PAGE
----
By turning a mobile phone into a mobile device equipped with internet capabilities, bluetooth, accelerometers, and more along with opening up app development to all Apple fostered development of a whole new way of using phones and devices. Similarly, 5G will disrupt business for better or worse. With near-zero latency and open software standards, Open 5G is perfectly poised to advance private networks, many of which will be used to automate activities in offices, warehouses, factories, and more.
Thanks to its fast communication capabilities, 5G could potentially replace ethernet allowing for remote connectivity between factories, schools, and businesses in many more ways than is possible today. And thanks to the open software features associated with them, 5G will allow for development of many kinds of applications likely to disrupt anything and everything based on communications.
New business models will emerge
The iPhone and its iOS descendants (like the iPad) not only upended industries they created new ones (along with millions of jobs). Open 5G has the potential to change the face of many industries as well perhaps starting with its own. With software and hardware unbundled, new players both on the software and hardware side will find opportunities to develop services and systems for a wide range of customers. Innovative startups as well as leading software providers will remake an industry that has until now been dominated by big RAN vendors.
But the changes open up opportunities for those big entities, as well. One significant change is likely to be the entry of MNOs into the customised telecom business. Automated management systems and open software platforms will give MNOs the opportunity perhaps in cooperation with system integrators who have already been working in the area to develop private networks for enterprise customers.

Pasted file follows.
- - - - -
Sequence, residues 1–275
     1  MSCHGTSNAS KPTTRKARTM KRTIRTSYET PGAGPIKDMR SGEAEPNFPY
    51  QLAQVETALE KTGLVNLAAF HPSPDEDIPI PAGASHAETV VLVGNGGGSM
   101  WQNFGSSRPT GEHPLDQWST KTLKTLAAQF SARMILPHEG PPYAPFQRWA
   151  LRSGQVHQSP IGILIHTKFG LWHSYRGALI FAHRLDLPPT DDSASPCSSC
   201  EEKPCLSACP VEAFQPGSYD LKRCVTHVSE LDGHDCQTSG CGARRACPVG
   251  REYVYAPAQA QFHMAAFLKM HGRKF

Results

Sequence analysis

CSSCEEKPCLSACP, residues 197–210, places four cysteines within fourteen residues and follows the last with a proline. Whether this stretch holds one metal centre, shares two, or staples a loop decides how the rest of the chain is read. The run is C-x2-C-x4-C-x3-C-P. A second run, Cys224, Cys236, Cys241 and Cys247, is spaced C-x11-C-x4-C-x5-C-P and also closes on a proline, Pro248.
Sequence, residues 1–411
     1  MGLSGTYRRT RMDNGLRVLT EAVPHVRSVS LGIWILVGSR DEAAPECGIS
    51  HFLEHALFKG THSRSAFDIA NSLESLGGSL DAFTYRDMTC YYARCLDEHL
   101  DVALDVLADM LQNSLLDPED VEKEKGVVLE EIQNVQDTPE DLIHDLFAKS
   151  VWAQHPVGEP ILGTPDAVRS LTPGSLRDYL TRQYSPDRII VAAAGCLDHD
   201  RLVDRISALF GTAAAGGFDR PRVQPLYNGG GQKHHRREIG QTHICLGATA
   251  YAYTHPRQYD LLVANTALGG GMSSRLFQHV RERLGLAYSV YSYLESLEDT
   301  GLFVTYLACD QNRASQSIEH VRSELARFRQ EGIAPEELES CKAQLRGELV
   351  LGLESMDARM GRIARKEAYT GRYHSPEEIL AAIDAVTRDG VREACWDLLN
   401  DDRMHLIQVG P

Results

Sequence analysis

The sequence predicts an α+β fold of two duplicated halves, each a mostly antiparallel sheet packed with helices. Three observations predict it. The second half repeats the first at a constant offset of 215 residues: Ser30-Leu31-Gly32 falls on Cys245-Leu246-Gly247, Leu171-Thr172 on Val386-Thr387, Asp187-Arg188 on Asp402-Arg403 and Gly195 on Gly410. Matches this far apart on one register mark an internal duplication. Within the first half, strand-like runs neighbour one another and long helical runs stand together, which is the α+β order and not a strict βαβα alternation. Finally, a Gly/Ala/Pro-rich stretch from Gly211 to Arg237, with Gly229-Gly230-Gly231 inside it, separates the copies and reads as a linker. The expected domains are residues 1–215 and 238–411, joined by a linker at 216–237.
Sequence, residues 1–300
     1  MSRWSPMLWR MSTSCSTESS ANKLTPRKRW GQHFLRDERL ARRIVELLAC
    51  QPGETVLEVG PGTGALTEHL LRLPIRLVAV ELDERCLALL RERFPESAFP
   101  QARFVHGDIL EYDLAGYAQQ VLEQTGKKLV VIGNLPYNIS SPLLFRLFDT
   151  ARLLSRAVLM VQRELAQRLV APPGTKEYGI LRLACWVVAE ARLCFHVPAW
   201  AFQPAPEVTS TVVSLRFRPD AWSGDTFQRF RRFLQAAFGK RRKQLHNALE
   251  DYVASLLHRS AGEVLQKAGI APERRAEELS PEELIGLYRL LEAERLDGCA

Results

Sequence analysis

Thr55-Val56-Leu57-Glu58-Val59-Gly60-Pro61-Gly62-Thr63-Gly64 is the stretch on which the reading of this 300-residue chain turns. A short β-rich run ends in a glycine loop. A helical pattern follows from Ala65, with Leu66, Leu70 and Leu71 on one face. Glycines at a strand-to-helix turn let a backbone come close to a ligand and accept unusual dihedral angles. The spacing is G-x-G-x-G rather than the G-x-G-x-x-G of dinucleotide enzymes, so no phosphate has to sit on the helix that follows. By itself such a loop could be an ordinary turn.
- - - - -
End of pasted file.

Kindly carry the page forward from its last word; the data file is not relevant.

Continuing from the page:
Until now MNOs concentrated on wide-ranging regional and national infrastructure development with all their resources dedicated to these areas but the changes coming in telecom will give them new opportunities to work with individual customers. Similar changes in the way companies do business are likely to occur as well, given the potential 5G has to change business.
In the 15 years since the iPhone made its first appearance, the world has changed in unprecedented ways. Now, with Open 5G, we can expect changes on a similar scale in the coming years. 5G’s super-fast speed, open platforms, and sophisticated RAN capabilities will unleash unprecedented forces that will help businesses make themselves far more efficient and profitable than ever imagined.
Artificial intelligence like advanced machine learning and neural network technology, automation, and made-to-order private networks all built on the capabilities of 5G will shape these forces, remaking business, work, and leisure. It’s impossible, of course, to predict exactly what the world will look like in 15 years but we do know two things: One, it will be much different than the world today and two, 5G will have a great deal to do with those changes.
The author is Sharon Alalouf, vice president of business development, APAC, Cellwize.